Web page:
Hard News: Hate and guns
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John Farrell, in reply to
One could construct all sorts of conspiracy theories, based on "The share prices of US gun manufacturers have surged since the Florida shootings. Apparently this happens after every US gun massacre as the good ol’ boys stockpile weapons in anticipation of a crackdown on gun sales."
Joe Wylie, in reply to
This is important when entering into any discussion with or about the gun lobby or pro-2a individuals as they will generally ignore any argument when basic terms are used incorrectly. The same applies to when discussing an issue with people from a military background; e.g. get the word “battalion” confused with the word “company” and they will often ignore everything else you say regardless of how sound and rational your point of view is.
IMHE when a group places that level of importance on jargon it's because its purpose is to exclude outsiders. Folks like that are hardly likely to be open to reasonable discussion with anyone whose viewpoint differs from theirs.
As for those of the military persuasion, you might recall the case of Haane Manahi a few years ago. While attempts to have his WW2 heroism posthumously recognised date back to the days of the Shipley Government, it was the Clark Government in 2007 that eventually succeeded in presenting his case.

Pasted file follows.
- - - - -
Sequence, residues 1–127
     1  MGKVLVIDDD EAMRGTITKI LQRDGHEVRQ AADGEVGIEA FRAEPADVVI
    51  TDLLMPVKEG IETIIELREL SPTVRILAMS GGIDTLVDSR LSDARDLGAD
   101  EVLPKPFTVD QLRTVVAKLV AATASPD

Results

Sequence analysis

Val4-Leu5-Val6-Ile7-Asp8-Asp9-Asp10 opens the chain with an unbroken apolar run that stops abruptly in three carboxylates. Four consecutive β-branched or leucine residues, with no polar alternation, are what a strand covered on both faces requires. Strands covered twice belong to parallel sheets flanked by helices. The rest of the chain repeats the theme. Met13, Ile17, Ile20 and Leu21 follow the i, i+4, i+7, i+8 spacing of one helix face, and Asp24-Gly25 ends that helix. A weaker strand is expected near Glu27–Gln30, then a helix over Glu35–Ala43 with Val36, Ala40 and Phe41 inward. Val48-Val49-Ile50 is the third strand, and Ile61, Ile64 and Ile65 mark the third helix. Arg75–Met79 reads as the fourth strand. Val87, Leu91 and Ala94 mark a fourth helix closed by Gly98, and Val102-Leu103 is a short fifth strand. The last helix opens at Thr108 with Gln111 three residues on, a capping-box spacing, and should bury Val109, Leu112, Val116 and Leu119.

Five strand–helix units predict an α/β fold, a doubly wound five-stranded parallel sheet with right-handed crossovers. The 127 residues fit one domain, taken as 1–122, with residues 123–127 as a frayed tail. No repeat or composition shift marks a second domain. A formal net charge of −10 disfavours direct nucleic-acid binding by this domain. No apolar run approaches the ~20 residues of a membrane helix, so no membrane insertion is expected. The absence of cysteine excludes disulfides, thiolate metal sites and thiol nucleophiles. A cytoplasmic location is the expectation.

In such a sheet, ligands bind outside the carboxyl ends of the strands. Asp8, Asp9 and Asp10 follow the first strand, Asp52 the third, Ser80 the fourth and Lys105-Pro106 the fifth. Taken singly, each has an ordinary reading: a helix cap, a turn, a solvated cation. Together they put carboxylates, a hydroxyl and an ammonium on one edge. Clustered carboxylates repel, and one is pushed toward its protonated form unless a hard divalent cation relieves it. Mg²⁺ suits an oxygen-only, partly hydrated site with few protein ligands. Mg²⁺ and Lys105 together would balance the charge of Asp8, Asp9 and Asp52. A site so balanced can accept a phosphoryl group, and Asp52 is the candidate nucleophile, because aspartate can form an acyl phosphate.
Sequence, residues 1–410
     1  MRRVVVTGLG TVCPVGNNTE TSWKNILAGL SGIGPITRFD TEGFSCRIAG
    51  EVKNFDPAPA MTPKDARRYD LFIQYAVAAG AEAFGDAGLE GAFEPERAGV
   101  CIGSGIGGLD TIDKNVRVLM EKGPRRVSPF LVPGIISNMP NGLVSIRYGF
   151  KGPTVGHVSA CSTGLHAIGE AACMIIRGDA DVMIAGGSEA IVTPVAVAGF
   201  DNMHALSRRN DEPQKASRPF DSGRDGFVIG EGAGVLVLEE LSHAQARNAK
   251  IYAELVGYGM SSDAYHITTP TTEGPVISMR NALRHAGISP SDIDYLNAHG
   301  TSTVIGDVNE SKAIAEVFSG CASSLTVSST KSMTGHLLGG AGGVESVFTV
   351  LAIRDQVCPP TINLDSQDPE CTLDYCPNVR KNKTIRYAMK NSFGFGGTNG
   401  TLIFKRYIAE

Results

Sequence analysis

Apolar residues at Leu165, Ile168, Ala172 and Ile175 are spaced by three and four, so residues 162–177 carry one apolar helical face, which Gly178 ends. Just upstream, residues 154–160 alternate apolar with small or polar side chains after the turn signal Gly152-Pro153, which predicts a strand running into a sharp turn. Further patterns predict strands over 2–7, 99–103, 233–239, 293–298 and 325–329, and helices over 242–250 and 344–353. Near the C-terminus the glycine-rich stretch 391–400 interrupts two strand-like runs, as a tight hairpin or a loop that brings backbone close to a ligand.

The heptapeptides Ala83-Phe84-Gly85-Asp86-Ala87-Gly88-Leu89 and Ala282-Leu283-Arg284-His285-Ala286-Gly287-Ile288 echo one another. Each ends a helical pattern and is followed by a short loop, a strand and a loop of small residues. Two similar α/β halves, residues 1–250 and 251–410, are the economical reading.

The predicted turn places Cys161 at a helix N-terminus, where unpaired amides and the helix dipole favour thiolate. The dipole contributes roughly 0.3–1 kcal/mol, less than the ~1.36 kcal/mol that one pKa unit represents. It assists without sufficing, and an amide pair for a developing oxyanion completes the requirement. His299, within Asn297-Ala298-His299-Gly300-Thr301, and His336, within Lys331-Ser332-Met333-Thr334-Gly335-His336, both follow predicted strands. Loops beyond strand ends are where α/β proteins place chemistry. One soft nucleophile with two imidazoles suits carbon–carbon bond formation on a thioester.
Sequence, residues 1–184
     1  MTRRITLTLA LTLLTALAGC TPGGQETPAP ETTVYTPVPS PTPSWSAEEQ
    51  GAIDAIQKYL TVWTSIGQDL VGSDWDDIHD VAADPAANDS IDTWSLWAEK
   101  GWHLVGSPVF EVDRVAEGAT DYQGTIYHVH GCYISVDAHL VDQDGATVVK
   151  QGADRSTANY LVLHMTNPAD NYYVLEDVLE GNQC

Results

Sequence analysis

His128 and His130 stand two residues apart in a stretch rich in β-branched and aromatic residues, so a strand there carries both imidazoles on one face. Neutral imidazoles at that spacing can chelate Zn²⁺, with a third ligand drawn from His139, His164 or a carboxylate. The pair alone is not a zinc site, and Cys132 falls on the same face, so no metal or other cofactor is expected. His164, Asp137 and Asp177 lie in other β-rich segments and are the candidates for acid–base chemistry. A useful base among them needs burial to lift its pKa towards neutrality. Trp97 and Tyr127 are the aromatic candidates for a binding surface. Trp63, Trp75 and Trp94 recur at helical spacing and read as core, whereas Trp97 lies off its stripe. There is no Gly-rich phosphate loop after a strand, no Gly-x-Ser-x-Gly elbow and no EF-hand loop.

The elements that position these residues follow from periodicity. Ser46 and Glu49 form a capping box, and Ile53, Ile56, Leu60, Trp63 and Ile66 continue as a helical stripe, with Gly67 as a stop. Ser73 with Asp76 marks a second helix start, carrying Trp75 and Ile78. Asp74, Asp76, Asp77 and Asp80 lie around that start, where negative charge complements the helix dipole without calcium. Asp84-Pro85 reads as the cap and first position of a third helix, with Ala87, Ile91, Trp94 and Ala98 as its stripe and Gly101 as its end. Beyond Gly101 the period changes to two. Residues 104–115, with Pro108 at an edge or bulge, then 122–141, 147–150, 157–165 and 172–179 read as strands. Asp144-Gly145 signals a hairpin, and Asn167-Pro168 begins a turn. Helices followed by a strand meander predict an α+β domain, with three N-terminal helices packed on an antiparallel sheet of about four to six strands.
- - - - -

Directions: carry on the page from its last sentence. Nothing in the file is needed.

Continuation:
Manahi held the now obsolete rank of Lance Sergeant at the time of his heroic deeds. Because the armchair military buffs at the Kiwiblog end of the blogosphere had never heard of such a rank, and because the official presenting his case was a woman, it was immediately ridiculed as a case of what would some silly bitch know.
If you've actually made any headway on the gun reform issue by employing precise terminology it would be nice to know about it, but I'm not holding my breath.
Craig Ranapia, in reply to
I read some authority somewhere is thinking of of prosecuting some one for not reporting him
In all seriousness, when I first saw that I thought it was a sick bloody joke.
Add "people who wonder why abused women don't go to the authorities" to the rapidly expanding list of people I'll tell to fuck off for the foreseeable future.
Alfie, in reply to
One could construct all sorts of conspiracy theories...
I think it's a little more serious than that, John. While I normally balk at using them as a source, the Daily Mail reports one Georgia gun dealer as saying, "We normally sell two (AR-15s) a day, today we are selling up to 15 an hour."
Parents of some of the 26 children killed in the Newtown masacre are suing the Remington Arms Company on the basis that their product is directly responsible for their children's deaths, and that they market their AR-15 as a military grade weapon “engineered to deliver maximum carnage with extreme efficiency.”
Incidentally, it wasn't an AR-15 used by Mateen in Orlando. It was actually one of these Sig Sauers -- equally deadly but still sold to civillians, regardless of their mental state.
papango, in reply to
But I’m seeing people who are glomming onto “a self-hating Muslim queer did it” with indecent haste (present company very much excluded) because it’s a narrative that neatly side-steps hard and ugly questions about homophobia and gun culture.
For me, if he was a self hating gay man, that actually makes the questions about homophobia even more stark and pressing. Because a gay child doesn't grow up into a person who hates themselves so much they commit the mass murder of LGBT people in a vacuum. It's an 'it takes a village' situation. A village where homophobia is not just accepted, but encouraged.